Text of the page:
Philip Mosley is Professor of English and Comparative Literature at Pennsylvania State University. He earned his M.A. in European literature and his Ph.D. in comparative literature from the University of East Anglia. He has translated The Intelligence of Flowers by Maurice Maeterlinck, Bruges-la-Morte by Georges Rodenbach, Tea Masters, Teahouses by Werner Lambersy, and October Long Sunday by Guy Vaes. In 2008 he was awarded the Prix de la Traduction Littéraire by the French Community of Belgium for his translations of Belgian authors into English.
The poems in Philip Mosley’s translation are thus filled with a mysterious beauty; they have a sort of shimmering quality.
Francois Jacqmin’s The Book of the Snow displays a poetry which is pure, abstract and uncompromising, but also deeply felt, utterly precise, attuned to the complexity of the world. It takes the language of philosophy, of speculation and meditation, and adds to it a rich calm cadence; every image has a real and exact value. The short poems are surrounded with terms which seem to gesture towards saying something which is true and towards something else which is beyond mere truth. The central paradox of Jacqmin’s poetry is the human mind’s need to speak played against a profound suspicion of language. The unmarked snowy fields, the mind before thought, the blank silence that underlies all human expression – these are the slates on which these poems form and disintegrate. The poems in Philip Mosley’s translation are thus filled with a mysterious beauty; they have a sort of shimmering quality. They are poems filled with both the world’s weather and a weather which belongs to language purely and exquisitely shaped and sculpted.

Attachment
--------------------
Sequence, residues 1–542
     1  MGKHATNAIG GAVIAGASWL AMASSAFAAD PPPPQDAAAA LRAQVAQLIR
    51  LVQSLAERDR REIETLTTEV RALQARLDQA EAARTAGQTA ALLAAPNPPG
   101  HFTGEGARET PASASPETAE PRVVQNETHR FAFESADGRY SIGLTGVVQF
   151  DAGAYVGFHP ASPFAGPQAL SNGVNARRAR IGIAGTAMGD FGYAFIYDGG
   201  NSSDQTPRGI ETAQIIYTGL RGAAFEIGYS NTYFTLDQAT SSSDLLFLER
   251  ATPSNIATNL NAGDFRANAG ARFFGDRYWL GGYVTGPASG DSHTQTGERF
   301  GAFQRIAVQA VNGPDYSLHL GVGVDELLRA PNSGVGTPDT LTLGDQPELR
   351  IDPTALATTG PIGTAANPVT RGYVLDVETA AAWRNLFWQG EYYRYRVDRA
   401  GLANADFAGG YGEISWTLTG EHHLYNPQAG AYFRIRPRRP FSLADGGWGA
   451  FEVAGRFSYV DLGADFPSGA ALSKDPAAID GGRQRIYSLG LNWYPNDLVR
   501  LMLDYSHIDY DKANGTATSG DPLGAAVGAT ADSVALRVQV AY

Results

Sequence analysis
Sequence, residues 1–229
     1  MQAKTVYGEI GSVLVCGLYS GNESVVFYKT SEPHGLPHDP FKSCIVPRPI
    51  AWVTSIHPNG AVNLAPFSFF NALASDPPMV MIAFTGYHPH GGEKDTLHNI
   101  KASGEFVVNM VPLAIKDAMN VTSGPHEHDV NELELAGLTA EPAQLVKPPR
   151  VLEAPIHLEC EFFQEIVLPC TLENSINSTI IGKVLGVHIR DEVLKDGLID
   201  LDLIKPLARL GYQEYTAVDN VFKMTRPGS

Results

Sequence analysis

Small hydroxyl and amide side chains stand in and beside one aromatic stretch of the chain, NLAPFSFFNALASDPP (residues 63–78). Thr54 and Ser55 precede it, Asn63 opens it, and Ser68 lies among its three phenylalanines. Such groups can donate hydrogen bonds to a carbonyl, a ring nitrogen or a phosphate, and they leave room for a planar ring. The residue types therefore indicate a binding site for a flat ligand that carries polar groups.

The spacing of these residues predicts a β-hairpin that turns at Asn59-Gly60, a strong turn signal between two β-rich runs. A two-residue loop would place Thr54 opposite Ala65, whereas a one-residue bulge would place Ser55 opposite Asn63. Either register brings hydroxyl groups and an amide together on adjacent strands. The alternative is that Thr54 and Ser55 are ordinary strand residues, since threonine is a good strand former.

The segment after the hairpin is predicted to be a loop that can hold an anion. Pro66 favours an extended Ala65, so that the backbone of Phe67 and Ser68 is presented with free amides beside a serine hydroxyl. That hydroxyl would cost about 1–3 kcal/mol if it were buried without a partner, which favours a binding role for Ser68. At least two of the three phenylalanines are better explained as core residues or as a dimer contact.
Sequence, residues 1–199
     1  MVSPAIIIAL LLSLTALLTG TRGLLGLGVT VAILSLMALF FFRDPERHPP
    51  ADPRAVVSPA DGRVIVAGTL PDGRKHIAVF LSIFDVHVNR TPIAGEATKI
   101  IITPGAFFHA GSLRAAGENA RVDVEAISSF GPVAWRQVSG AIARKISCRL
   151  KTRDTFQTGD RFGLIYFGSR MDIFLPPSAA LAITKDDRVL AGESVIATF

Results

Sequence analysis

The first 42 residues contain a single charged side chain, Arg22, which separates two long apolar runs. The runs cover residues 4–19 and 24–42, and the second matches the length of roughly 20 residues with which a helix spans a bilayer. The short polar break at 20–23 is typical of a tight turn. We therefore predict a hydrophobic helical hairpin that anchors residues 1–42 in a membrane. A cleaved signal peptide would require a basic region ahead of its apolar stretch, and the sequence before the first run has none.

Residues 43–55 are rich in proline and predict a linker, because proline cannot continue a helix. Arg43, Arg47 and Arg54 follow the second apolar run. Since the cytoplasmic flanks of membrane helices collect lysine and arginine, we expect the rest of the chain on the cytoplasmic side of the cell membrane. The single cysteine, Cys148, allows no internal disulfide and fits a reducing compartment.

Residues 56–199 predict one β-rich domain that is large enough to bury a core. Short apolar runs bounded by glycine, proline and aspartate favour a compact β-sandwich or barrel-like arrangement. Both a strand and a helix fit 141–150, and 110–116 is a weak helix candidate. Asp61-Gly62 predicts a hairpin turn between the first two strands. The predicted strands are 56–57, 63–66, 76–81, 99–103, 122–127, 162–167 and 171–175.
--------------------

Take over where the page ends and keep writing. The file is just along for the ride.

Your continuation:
by Philip Mosley
It is midnight.
The coal of the hour burns out in white
Remains of souls flicker
in the grate.
hurl themselves at the walls like torn
birds of prey.
We remain alone,
with that fire which tries to rekindle itself.
Copyright © Translation Philip Mosley 2010
from The Book of Snow
the French written by Francois Jacqmin